A third take on the Hungarian implementation of Art 5 of the CDSM Directive
Kluwer Copyright Blog
August 31, 2020
Please refer to this post as:, ‘A third take on the Hungarian implementation of Art 5 of the CDSM Directive’, Kluwer Copyright Blog, August 31 2020, http://copyrightblog.kluweriplaw.com/2020/08/31/a-third-take-on-the-hungarian-implementation-of-art-5-of-the-cdsm-directive/
As previously noted, on 18 June 2020 Hungary became the second Member State of the European Union to – partially – implement Directive 2019/790 on Copyright in the Digital Single Market (CDSM Directive).
Under ordinary circumstances, the implementation of Art 5 of the CDSM Directive in Hungary would have been carried out along with the remaining provisions of the directive somewhere around autumn or winter of 2020, giving enough time for stakeholders to prepare for the reformed and modernized copyright system when it comes into force around early summer of 2021. But the circumstances were hardly ordinary and the Hungarian legislator chose to fast-track the implementation of Art 5. This post aims to provide a detailed background on the reasons for this choice.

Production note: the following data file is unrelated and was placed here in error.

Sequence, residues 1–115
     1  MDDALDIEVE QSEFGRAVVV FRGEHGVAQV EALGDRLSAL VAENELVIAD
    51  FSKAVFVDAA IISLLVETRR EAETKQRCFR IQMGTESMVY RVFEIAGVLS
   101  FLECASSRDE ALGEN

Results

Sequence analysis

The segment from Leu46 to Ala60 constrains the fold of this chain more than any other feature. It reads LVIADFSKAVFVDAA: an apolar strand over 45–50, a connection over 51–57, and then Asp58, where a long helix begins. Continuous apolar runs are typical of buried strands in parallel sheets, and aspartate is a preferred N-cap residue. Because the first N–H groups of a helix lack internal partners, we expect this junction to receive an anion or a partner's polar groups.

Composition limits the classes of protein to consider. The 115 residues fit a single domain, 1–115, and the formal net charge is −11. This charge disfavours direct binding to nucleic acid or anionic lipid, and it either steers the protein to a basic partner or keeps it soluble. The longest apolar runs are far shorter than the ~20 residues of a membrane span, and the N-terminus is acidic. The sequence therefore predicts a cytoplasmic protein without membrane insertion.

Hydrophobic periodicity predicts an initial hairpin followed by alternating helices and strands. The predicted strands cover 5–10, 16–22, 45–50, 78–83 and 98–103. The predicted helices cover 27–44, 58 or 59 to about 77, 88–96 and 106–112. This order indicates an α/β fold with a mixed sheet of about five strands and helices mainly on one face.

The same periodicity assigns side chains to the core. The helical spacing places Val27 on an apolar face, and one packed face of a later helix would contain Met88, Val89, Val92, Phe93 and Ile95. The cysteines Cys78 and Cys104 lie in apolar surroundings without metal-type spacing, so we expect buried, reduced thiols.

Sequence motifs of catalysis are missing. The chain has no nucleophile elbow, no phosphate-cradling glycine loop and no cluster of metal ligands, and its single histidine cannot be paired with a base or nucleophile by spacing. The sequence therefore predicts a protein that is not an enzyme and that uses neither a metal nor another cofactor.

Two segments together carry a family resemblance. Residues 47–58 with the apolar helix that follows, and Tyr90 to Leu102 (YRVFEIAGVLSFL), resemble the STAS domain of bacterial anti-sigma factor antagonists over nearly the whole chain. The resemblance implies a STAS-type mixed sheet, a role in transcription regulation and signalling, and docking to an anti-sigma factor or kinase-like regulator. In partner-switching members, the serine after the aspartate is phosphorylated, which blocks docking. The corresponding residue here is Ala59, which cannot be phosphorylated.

In spring of 2020, the COVID pandemic reached Europe, and every country had to apply safety measures to prevent or at least slow down the spread of the disease. On 16 March 2020, the Hungarian education system shifted to a ‘digital working order’, meaning that schools and universities had to widely apply (among other methods) digital tools and applications to reach as many students as possible. Without question, this raised issues regarding the use of copyright protected materials.
The Ministry of Justice of Hungary – in very close cooperation with the Hungarian Intellectual Property Office – had fortunately had a serious head start on the implementation: the first draft of the implementation had been elaborated in late summer of 2019. After this, the Ministry of Justice reached out to more than 150 stakeholders with discussion papers that served as a basis for six public workshop meetings in November and December of 2019, regarding the most important provisions of the CDSM Directive. Based on these public consultations, a revised draft was already available in early 2020.